Living in my neighborhood is repeated racism and violence all over again .When you’re old and worthless you can’t control the people you want to control, kids are dying slowly because skin color and many hate themselves because of people treating them like they deserve to be treated like that .my community is nothing perfect when it comes from living in the ghetto.
I have lived in my house for 35 years. When my husband passed away about 20 years ago,my income was to low and I lost the house. I eventually ran into money problems and stop paying the mortgage. The lender foreclosed the property, and the house was sold, leaving Me without a home.My neighbor/friend from a few doors down, Shelley, couldn’t stand the thought of me living in a hotel room, so she and a few other members from my neighborhood put down $167,450 to buy the house back for me.
Well growing up in my neighborhood i had a sister and brother and my mother didn’t take care of me. Her mother did but there was a lot of that going on back then where mothers didn’t raise there children and i feel like that’s a major issues that’s why we have so many mislead children in the current generation
Back than many people didn’t know what to think because their was so many different things going around in our community and we didn’t know what to do so many people just hope that it would make our community great and some bad .slavery back than would be the caused for all what bad things in our community that is still today .our community didn’t changed .
I love to dance, I love art and I love my community. I am a retired reading teacher and a Sunday school teacher. I raised 6 kids and have been married for 36 years. I have lived in my community for around 39 years and would not move for anything.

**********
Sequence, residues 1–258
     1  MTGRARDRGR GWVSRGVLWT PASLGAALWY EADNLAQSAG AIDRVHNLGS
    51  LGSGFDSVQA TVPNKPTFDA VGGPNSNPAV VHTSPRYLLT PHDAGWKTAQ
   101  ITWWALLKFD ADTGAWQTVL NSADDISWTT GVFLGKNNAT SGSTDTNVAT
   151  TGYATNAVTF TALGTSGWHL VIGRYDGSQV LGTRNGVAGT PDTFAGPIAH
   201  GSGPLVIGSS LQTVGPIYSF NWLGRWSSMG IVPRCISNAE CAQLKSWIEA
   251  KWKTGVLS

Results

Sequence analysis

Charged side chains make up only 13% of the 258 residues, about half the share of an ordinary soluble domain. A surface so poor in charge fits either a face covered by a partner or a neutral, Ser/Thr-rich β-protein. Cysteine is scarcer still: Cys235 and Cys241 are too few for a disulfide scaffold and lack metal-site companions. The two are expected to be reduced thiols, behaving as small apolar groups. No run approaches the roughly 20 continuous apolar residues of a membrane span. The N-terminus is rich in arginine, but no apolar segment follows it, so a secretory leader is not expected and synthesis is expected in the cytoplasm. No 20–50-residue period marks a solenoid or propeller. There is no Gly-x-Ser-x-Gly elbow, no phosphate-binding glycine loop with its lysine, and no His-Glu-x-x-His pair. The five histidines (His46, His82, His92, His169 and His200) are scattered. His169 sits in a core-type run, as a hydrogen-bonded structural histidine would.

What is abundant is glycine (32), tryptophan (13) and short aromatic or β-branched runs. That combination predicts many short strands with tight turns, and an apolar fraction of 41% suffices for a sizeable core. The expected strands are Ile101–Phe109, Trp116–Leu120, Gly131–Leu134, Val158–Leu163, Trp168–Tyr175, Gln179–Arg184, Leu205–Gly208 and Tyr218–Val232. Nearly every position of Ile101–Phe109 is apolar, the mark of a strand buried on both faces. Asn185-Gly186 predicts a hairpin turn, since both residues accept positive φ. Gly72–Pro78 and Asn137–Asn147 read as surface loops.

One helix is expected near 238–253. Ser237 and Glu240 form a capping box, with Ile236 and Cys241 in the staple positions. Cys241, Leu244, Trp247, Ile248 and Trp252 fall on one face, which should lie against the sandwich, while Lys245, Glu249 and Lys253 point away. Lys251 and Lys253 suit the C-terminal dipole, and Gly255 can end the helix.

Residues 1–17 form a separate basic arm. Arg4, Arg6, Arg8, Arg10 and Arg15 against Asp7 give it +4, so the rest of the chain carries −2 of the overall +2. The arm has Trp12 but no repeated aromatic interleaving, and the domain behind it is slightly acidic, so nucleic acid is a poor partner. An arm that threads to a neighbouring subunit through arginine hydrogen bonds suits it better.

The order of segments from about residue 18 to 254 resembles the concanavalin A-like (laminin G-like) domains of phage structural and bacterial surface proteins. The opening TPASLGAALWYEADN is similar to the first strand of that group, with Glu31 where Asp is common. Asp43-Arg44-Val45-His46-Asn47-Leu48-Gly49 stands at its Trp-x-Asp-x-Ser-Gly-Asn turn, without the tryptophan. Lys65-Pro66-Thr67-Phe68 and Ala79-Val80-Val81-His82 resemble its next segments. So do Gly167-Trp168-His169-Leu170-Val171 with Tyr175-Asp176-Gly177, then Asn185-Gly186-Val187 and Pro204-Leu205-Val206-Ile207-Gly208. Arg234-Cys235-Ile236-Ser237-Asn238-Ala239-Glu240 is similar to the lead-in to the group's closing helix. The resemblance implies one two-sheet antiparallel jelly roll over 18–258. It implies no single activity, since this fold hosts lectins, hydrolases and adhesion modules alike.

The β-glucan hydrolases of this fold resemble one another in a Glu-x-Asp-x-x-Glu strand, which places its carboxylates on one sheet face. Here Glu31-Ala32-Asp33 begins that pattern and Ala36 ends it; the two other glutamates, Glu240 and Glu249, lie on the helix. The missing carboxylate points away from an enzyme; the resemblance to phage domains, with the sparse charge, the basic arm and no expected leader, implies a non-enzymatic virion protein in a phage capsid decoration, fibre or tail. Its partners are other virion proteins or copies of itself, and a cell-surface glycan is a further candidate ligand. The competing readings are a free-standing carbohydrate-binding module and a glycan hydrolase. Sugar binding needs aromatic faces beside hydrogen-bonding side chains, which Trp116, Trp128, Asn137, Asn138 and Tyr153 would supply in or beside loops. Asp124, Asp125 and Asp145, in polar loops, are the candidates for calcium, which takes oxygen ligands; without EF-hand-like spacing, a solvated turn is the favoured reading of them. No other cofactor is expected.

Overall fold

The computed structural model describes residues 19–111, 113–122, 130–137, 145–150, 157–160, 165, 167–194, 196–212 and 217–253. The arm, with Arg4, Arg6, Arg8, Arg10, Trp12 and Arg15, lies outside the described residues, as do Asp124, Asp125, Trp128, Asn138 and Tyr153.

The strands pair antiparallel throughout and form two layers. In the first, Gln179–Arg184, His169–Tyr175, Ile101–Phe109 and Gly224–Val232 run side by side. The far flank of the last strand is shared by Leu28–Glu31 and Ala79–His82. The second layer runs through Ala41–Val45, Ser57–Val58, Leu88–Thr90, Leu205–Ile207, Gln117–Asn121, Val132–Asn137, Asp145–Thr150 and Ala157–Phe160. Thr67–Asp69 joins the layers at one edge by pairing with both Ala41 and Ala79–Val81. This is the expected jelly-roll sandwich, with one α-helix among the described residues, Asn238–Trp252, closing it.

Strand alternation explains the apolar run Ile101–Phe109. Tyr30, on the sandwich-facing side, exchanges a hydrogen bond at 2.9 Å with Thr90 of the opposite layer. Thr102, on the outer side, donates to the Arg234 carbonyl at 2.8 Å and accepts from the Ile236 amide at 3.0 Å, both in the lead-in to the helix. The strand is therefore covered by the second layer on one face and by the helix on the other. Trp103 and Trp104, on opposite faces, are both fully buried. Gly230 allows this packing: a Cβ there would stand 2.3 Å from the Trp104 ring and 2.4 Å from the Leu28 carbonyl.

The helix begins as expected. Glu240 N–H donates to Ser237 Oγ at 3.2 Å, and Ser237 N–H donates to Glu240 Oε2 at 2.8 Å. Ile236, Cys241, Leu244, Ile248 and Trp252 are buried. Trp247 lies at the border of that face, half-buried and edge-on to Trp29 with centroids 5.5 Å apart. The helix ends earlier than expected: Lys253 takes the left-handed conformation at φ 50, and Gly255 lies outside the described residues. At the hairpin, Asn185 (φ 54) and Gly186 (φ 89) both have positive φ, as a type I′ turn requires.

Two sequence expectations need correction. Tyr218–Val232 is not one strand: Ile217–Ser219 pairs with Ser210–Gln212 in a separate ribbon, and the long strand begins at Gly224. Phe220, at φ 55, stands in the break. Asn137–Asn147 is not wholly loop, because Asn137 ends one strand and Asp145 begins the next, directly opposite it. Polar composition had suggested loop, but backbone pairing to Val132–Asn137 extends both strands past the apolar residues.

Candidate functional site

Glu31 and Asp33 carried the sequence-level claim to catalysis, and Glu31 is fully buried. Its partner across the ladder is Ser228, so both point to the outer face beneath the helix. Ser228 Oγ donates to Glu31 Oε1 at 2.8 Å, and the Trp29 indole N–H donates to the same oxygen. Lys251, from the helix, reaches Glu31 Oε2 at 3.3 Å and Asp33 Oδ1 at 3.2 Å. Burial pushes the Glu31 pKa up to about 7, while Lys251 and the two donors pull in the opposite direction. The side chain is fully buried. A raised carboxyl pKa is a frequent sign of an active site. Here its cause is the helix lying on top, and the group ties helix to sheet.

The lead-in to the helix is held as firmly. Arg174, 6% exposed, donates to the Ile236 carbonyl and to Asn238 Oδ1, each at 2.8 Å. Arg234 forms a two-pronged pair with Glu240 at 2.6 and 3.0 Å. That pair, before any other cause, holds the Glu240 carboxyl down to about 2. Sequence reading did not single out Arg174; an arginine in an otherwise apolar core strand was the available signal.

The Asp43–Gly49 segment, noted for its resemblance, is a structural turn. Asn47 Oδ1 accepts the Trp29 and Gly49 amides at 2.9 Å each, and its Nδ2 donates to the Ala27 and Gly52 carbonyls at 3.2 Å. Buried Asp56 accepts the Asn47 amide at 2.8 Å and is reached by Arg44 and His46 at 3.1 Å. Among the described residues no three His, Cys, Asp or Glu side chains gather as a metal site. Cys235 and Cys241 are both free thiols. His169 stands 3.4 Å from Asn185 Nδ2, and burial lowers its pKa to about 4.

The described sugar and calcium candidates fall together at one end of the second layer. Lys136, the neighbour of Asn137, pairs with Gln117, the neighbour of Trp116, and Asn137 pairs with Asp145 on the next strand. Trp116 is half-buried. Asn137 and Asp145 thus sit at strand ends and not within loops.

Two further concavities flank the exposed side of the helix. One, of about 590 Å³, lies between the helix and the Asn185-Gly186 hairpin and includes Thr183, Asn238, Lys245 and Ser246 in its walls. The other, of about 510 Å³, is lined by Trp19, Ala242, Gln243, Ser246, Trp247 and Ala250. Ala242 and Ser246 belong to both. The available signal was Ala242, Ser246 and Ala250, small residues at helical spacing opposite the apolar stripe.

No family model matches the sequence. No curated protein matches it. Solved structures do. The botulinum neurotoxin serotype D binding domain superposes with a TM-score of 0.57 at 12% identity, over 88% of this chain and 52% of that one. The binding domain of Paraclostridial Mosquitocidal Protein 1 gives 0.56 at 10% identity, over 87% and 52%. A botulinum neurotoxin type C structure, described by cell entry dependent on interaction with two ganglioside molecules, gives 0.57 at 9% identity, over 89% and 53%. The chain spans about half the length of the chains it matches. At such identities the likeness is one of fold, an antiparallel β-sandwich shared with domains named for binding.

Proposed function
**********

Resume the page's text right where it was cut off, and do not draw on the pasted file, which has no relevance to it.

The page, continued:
The important moment was when I moved here 2010 from WPB. I was homeless. I had income but it was not enough to find somewhere to live. I was living with several peopele in a room but it didn’t work out and I was kicked out. So then I went to another place, paid my rent and then 3 days he lights went out. And the place was in debt and it was freezing cold and no electricity. I was so distraught, asking my lord to take me. And then I read a newsletter, call and spoke with a woman …
My son learned how to bike recently. They Tour de France was taking place, which motivated him to try once again. We live at the end of a cul de sac and I ran around with him, holding his bike seat, as he peddled and worked to find his balance. Without planning it, he took off down the street, unassisted with me running behind him. That afternoon, we probably covered close to three miles – he peddled and navigated the street to the main road and down to the park while I ran along side or way behind yelling for …
Born in 1947, started working when I was 15 years old. Most important thing I experienced coming up is due to workforce-the sugar cane. I got older, getting a job with us sugar-I worked for 35 years. It was hard, very hard work but you had to make a living somehow. I also picked spring beans but the harvesters took the work away. I grew up in lake harbor and they bussed us to school. Quiet waters used to be lake shore high school and we were bussed from the camps in lake …
There has been many fights for many years, Loud rowdy fights. The police is constantly coming to our neighborhood to break a fight up or arrest someone for a crime. It’s been like this for years and it should honestly stop. My grandson was recently arrested because he was linked to a shooting. It needs to change and I hope and pray one day it does.
See me i was the man of the house my father wasn’t there he was a coward and we are from boynton but we moved to the other side this was a little bit less than what i had expected and i would do things a man supposed to do in the house to make sure my mom and my sisters were ok and in around the 90s i started selling drugs i had my own house by this time but not to far from my mom and sisters. I remember her calling me late at night saying they were …
Growing up out west of boynton made me looked at definitely than i would look if i was to live east i know this because i had family who lived further east and i notice when i went over. There was fights and everything on the east side also more African Americans when i came to my side there were more white people.